Elizabeth Warren drew her biggest applause Wednesday night with a stinging retort to Mitt Romney’s assertion that “corporations aren’t people.”
“No, Governor Romney, corporations are not people. People have hearts, they have kids, they get jobs, they get sick, they cry, they dance. They live, they love, and they die,” she said.
It was a line Warren has used before to great effect.
Warren, a Harvard Law School bankruptcy specialist, has, in fact, been looking at this issue from a legal perspective for three decades, reaching somewhat ambiguous conclusions on where the law stands.
The Warren campaign said Thursday that Romney was addressing tax policy, not bankruptcy law. And it said Warren has consistently said that bankruptcy law maintains a clear distinction between how corporations and people are treated — even if that treatment can vary under differing circumstances.
In 1984, a paper published as part of a roundtable discussion involving Warren and three other bankruptcy specialists included a reference to the legal definition of personhood. In this instance, the bankruptcy panel appeared to agree that the law then treated corporations as “people” for the purposes of bankruptcy.
“American law recognizes two types of ‘persons’ – corporations and ‘actual persons,’ and both types of ‘person’ may declare bankruptcy,” the panel said, according to the summary paper.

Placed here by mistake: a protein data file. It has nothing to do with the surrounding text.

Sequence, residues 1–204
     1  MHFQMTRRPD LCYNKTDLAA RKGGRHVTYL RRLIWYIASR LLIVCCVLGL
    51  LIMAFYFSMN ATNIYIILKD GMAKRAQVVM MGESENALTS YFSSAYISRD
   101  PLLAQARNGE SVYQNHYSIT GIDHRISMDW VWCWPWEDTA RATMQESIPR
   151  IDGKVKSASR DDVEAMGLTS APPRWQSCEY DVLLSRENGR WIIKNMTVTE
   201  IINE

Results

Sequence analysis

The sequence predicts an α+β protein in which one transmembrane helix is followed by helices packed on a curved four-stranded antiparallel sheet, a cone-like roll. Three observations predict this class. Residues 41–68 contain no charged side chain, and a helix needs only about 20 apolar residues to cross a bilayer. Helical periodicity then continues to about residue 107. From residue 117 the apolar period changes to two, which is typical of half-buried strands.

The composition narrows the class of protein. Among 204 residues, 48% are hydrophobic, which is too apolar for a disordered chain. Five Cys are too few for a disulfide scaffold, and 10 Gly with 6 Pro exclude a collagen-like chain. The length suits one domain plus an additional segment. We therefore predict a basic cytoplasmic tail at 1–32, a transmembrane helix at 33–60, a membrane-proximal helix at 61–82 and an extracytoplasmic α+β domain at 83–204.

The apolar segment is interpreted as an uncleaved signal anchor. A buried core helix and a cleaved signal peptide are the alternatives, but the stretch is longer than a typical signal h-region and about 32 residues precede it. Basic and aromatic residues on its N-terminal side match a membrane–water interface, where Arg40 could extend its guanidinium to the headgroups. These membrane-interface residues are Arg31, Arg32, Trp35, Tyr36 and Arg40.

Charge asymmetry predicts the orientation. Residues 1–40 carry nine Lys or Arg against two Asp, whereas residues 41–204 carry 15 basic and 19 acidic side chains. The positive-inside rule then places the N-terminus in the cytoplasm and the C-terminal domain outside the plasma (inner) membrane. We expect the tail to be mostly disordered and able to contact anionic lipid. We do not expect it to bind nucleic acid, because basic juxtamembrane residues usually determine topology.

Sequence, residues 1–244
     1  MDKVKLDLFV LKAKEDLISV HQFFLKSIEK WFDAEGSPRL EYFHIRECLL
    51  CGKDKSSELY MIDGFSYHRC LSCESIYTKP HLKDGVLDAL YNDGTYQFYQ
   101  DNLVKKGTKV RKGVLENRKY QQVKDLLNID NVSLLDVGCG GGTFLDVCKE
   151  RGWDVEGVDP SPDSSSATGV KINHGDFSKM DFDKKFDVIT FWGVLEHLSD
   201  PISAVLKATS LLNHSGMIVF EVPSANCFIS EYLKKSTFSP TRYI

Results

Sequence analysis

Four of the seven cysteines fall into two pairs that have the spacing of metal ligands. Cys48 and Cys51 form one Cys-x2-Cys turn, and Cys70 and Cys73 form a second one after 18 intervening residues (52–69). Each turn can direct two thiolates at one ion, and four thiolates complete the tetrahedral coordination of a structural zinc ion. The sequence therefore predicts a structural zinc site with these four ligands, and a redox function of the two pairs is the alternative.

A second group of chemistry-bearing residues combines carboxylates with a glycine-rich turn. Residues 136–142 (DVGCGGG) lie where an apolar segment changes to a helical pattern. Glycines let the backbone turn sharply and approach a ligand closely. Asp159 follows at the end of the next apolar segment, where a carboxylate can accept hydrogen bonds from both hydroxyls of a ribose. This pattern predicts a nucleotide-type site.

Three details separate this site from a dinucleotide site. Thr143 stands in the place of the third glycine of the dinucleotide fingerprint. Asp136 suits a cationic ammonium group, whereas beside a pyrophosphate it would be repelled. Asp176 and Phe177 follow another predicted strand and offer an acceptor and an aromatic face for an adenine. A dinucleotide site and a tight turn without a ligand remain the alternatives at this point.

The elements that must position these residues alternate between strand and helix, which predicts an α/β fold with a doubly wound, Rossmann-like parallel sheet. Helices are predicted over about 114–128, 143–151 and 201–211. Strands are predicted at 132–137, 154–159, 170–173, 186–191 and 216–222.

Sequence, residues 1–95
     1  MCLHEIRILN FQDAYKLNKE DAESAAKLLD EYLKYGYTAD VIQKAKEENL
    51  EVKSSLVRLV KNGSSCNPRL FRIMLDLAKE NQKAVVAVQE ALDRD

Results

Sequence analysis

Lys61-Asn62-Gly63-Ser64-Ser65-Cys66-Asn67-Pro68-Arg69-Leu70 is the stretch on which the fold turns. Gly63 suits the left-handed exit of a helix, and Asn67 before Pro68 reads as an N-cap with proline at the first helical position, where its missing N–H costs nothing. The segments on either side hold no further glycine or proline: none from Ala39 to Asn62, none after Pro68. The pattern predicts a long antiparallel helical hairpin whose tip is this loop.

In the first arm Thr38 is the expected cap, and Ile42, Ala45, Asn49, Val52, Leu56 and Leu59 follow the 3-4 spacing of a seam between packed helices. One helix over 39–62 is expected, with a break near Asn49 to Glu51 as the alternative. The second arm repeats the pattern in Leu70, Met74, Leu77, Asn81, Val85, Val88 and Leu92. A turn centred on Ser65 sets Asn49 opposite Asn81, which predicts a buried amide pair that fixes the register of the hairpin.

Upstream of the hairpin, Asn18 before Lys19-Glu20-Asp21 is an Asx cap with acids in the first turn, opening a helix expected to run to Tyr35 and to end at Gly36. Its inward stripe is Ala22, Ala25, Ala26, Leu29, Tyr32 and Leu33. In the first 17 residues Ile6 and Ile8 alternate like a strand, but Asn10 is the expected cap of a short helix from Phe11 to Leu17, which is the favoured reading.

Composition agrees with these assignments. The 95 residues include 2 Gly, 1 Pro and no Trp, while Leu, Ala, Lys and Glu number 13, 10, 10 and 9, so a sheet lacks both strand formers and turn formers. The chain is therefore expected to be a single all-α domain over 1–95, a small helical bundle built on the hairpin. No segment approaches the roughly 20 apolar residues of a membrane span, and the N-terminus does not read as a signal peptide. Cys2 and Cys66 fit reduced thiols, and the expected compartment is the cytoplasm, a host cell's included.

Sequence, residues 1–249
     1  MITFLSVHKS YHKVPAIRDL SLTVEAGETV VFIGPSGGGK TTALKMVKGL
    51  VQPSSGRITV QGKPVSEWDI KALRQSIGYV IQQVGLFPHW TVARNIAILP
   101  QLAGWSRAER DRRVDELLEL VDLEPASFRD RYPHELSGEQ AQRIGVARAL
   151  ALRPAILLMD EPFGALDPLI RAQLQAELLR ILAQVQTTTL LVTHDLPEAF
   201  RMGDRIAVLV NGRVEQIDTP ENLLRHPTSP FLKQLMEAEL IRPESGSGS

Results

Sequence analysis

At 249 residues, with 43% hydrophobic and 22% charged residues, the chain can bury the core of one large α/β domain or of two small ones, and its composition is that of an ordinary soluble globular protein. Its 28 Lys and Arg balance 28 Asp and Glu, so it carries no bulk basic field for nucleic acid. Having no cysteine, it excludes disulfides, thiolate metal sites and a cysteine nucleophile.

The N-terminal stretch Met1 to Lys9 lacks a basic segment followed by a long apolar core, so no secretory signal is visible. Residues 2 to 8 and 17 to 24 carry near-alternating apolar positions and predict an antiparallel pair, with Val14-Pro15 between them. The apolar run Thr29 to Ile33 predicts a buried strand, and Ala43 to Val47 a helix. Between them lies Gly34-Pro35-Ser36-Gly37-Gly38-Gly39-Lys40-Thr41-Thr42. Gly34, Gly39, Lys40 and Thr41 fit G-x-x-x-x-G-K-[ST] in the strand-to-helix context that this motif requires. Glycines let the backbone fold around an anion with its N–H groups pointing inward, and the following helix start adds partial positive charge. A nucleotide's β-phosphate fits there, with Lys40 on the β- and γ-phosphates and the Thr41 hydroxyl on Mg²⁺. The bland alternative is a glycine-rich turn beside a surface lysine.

In 2005, she wrote a paper for the American Bankruptcy Institute Journal with Jay Westbrook of the University of Texas Law School, a frequent collaborator. In the paper, they reviewed three bankruptcy cases where the owners of small businesses were at risk of owing debts owed by their businesses.
“Over time, the identity between the corporation and the individual merge — at least in the mind of the owner,” they write. “But the law takes a very different view when the business gets in trouble.”
The authors do not offer their personal opinion on the nexus between a person and a business he or she owns, but instead interpret the meaning of judicial rulings.
“In these and other cases,” they write, “the fusion of owner and corporation seem to swim in and out of focus, merged or separated in the dynamic interaction of economic turmoil.”